Guide to Lidingö
Publish date: 18 December 2020
Lidingö is perhaps best known for its many opulent villas and homes. Since the mid-16th century, when wealthy noblemen and merchants started buying up land from the native farmers, the island has become something of an exclusive area.
Despite Lidingö’s growing population, there are still large swaths of the island covered by untouched nature. It’s accessible forest paths, lush nature and close proximity to downtown Stockholm makes it a perfect destination for a day trip. The island is also home to the world’s largest cross-country race, Lidingöloppet, a formidable challenge for any runner be they pro or amateur.
It’s also on Lidingö, at the now-defunct Svenska Bio-film studio, where directors like Mauritz Stiller and Victor Sjöström revolutionized cinema in the early 20th century. Through groundbreaking optical effects and in-depth character studies, they proved that moving pictures were more than just a fad and technical wonder but a genuine art-form. The island’s cultural heritage can still be felt at the former residence of world-renowned sculptor Carl Milles. Since his passing in 1955 his home and studio have become a popular museum, with an exhibition hall and sculpture park beautifully overlooking Lake Mälaren from the heights of Herserudsklippan.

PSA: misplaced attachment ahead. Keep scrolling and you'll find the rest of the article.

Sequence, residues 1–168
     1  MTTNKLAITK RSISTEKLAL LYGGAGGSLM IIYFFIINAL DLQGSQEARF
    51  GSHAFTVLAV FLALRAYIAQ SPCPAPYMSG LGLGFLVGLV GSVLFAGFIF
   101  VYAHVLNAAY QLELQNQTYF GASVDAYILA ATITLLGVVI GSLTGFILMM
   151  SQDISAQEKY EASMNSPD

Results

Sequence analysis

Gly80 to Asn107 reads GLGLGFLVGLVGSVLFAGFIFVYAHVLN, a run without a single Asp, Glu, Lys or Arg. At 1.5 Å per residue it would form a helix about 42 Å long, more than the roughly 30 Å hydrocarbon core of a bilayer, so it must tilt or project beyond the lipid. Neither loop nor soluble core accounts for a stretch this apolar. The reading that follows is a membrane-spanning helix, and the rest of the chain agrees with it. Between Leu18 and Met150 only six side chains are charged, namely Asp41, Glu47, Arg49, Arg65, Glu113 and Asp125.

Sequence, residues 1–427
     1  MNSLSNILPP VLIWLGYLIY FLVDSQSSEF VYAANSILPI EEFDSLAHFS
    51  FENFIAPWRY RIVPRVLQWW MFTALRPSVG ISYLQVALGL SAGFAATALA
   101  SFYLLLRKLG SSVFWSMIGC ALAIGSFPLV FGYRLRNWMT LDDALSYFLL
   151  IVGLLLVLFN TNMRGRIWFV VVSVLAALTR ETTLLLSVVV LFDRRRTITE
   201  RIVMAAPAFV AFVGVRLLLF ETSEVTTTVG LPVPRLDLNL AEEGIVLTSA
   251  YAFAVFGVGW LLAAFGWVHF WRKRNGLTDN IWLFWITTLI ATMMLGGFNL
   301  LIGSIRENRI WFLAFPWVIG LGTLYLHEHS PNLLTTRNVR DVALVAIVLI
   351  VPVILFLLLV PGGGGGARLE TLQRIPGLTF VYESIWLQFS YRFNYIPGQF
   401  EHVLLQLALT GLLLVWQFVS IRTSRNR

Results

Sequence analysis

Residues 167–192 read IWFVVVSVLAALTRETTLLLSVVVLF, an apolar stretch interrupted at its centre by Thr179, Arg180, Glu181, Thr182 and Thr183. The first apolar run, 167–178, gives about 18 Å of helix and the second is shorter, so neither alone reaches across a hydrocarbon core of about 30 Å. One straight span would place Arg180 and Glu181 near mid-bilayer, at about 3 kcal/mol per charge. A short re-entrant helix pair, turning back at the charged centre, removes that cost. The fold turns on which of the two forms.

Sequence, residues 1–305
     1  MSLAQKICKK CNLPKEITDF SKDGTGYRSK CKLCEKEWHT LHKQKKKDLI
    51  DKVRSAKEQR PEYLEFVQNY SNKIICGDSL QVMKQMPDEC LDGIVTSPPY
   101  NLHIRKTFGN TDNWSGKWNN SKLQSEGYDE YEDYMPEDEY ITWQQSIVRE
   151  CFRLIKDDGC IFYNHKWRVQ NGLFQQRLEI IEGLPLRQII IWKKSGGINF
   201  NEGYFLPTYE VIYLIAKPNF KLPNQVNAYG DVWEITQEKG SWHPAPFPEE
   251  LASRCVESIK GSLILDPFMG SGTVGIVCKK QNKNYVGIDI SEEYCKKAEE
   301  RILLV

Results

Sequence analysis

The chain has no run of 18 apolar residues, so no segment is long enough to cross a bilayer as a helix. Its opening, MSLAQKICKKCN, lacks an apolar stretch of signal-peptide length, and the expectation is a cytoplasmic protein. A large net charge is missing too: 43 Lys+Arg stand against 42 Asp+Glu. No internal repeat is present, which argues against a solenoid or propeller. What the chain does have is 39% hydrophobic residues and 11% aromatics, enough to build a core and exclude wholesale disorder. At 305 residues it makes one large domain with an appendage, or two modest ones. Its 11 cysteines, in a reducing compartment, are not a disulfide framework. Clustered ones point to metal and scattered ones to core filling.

Lidingö is easily reached by taking the metro’s red line to Ropsten, where you switch to the Lidingöbanan-tram. Travelers who prefer the scenic route can take the commuter ferry from Nybrokajen in central Stockholm.